Last Sunday we had an old-fashioned hymn sing at our church. For several weeks our members noted their favorite hymns, and our choir director collected and organized their requests. Last Sunday we sang the top 10 favorites, and we’ll sing the others during the future services.
My message that day was brief because we followed our hymn singing with communion as we always do on the first Sunday of each month. I departed from the lectionary to read an appropriate psalm —
“He put a new song in my mouth, a hymn of praise to our God. Many will see and fear the Lord and put their trust in him.”-Psalm 40:3 NIV
After reading that short verse, I shared six types of new songs God has put in our mouths. My point was that the new song God has given us reflects who we are as God’s people in all the circumstances of life.
This new song is a song of praise.
This is what the psalmist says his new song is. No longer are we confused about who deserves our praise because the God of all creation is the only rightful object of our praise and worship. Charles Wesley penned the iconic hymn of praise when he wrote, “O for a thousand tongues to sing my great Redeemer’s praise, the glories of my God and King, the triumphs of his grace.” But the new song is not only a song of praise.
This new song is a song of unity.
When we gather on Sundays for worship, we sing together, lifting our voices as one people because we are part of a community of faith. Unlike the exiles in Babylon, who asked “how can we sing the songs of Zion in a strange land” we are no longer strangers, we belong to the family of God, the community of faith, and our song is a song of unity. “We Are Called To Be God’s People” reflects not only our individual relationship to God, but our corporate, communal relationship as well.
This new song is a song of justice.
We sing as celebration that one day God’s justice will prevail. In 2007, our church was asked to host the Martin Luther King Day service for our town. We were hosting the newly-formed Boys and Girls Club of Chatham in our church, which was the first racially-integrated afterschool program in our county. Both white and black worshippers filled our sanctuary on MLK Day for worship. At the end of that service, we joined hands and sang, “We shall overcome.” For the first time in Chatham, that song became, not just the song of the black community, but the song of justice for our entire community. Justice must be a part of our new repertoire of song because justice means that God’s will is being done on earth as it is in heaven.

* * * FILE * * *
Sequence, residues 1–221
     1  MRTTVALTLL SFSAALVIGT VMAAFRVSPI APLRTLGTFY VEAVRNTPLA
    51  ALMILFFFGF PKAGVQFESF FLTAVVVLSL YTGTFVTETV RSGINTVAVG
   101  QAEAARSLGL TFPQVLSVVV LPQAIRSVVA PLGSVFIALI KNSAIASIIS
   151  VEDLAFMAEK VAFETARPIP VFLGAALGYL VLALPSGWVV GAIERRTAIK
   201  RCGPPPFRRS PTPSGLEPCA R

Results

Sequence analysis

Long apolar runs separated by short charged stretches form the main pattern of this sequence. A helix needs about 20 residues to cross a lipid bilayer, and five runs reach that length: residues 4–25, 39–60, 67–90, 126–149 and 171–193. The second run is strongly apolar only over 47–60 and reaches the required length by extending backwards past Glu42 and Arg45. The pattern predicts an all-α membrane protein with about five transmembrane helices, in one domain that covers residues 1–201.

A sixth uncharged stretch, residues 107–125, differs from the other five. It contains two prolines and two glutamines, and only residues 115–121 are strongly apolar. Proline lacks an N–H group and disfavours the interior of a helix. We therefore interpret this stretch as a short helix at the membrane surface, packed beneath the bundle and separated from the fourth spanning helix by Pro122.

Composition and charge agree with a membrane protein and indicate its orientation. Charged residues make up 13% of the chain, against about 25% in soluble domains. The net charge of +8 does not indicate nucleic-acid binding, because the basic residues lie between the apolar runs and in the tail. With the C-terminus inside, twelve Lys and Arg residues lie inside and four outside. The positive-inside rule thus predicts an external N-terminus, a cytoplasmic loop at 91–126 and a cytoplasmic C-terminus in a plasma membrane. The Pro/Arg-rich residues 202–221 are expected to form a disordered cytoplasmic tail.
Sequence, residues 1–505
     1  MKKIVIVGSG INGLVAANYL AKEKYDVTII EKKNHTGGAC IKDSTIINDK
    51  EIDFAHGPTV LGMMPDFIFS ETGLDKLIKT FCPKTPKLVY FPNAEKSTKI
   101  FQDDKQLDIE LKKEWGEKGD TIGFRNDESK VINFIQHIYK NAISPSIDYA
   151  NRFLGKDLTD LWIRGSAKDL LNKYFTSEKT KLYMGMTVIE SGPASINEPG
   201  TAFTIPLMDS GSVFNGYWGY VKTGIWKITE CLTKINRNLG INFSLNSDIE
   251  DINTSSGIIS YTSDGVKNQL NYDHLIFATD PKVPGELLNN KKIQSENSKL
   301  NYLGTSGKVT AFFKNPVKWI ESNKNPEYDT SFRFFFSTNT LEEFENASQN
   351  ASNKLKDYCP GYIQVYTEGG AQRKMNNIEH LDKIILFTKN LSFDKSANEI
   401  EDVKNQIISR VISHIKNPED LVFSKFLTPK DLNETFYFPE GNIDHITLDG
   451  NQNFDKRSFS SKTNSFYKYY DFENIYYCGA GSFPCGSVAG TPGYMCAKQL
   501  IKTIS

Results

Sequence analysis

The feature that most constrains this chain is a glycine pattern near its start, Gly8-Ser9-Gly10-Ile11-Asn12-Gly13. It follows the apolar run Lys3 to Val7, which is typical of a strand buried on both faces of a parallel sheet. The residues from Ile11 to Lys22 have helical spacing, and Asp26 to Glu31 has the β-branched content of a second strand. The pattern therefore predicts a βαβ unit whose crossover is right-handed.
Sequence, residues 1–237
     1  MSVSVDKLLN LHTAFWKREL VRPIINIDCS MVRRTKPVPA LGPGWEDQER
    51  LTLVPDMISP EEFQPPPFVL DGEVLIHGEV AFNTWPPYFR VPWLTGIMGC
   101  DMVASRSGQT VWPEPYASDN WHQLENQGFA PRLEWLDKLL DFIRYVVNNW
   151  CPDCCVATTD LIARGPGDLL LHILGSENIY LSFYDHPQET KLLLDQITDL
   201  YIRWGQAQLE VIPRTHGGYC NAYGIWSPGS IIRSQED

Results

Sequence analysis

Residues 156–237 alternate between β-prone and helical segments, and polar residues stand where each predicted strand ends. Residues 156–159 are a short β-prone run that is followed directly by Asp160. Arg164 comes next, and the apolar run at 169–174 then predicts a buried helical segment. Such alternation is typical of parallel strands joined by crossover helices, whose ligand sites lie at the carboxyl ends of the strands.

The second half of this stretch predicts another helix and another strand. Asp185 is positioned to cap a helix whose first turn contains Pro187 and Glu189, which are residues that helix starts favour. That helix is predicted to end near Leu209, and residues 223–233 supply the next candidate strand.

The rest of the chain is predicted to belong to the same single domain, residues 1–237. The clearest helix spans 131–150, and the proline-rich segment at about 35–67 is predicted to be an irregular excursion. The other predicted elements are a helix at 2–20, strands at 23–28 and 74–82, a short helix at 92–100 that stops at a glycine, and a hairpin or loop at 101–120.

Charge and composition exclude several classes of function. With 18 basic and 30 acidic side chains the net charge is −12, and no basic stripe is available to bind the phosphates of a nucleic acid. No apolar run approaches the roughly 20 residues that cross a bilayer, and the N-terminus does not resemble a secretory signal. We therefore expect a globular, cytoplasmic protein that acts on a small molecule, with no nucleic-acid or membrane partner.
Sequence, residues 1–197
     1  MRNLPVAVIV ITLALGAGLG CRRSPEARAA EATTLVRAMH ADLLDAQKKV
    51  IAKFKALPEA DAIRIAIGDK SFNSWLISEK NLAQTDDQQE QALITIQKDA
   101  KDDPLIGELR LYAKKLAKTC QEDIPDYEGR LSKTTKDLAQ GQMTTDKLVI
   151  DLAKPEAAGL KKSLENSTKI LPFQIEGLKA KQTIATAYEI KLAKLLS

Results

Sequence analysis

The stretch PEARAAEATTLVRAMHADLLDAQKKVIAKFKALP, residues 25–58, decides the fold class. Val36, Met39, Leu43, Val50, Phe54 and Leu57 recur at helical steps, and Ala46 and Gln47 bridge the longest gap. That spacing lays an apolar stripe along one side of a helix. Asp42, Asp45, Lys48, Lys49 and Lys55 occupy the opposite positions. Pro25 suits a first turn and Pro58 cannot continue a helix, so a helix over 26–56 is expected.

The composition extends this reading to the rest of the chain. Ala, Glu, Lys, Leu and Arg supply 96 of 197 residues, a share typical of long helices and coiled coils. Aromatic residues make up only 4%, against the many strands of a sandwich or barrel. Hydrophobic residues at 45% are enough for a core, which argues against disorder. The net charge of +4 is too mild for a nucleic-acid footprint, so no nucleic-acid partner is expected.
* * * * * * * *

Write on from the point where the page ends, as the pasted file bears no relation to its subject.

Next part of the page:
This new song is a song of thanksgiving.
Gratitude for God’s blessings, for God’s grace, and for God’s mercy should be part of our spiritual songbook. At Thanksgiving we sing, “We Gather Together” and “Come, Ye Thankful People Come” but thanks to God for God’s blessings should be sung more often than once a year.
This new song is a song of lament.
The problem with what is now called “praise and worship” featuring rock bands and full-stage lighting is that it leaves no room for sadness and sorrow. The psalmists wrote songs of lament, sang them with heartfelt emotion, and offered them as prayers for God’s mercy and grace. We need to lament as we stand in God’s presence, even in the 21st century. Perhaps especially in the 21st century. Lent provides a time of solemn reflection and self-examination. “O Sacred Head Now Wounded” reminds us of Christ’s sacrificial death. “Were You There When They Crucified My Lord?” asks in plain but mournful language for us to remember the death, burial and resurrection of Jesus. We need to go to “dark Gethsemane” at times as prelude to the joy of Easter.
This new song is a song of confidence.
Christians hymns have always described our faith and hope in God’s presence now and in the future. “We’re Marching to Zion” asserts our faith that our lives have meaning and purpose, that we are on a journey whose destination is God. Songs that reflect the confidence we have in God’s love and God’s plan form the foundation for all the other songs in our Christian hymnody. Simply put, we sing because we believe. From the earliest psalms to the most contemporary musical expression, we Christians have sung our faith boldly and with great confidence.
The new song God has put in our mouths isn’t just one tune, with one theme, for all time. The new song God gives us reflects God’s presence in our lives at all times, in all places, and for all people. Sunday when you sing, think about what type of song you’re singing. Then connect that song to the work of God in your life and in the life of your congregation.
Finally, remember the instruction of John Wesley to “sing lustily and with good courage.” If you do, the second part of Psalm 40:3 just might become a reality — “Many will see and fear the Lord and put their trust in him.”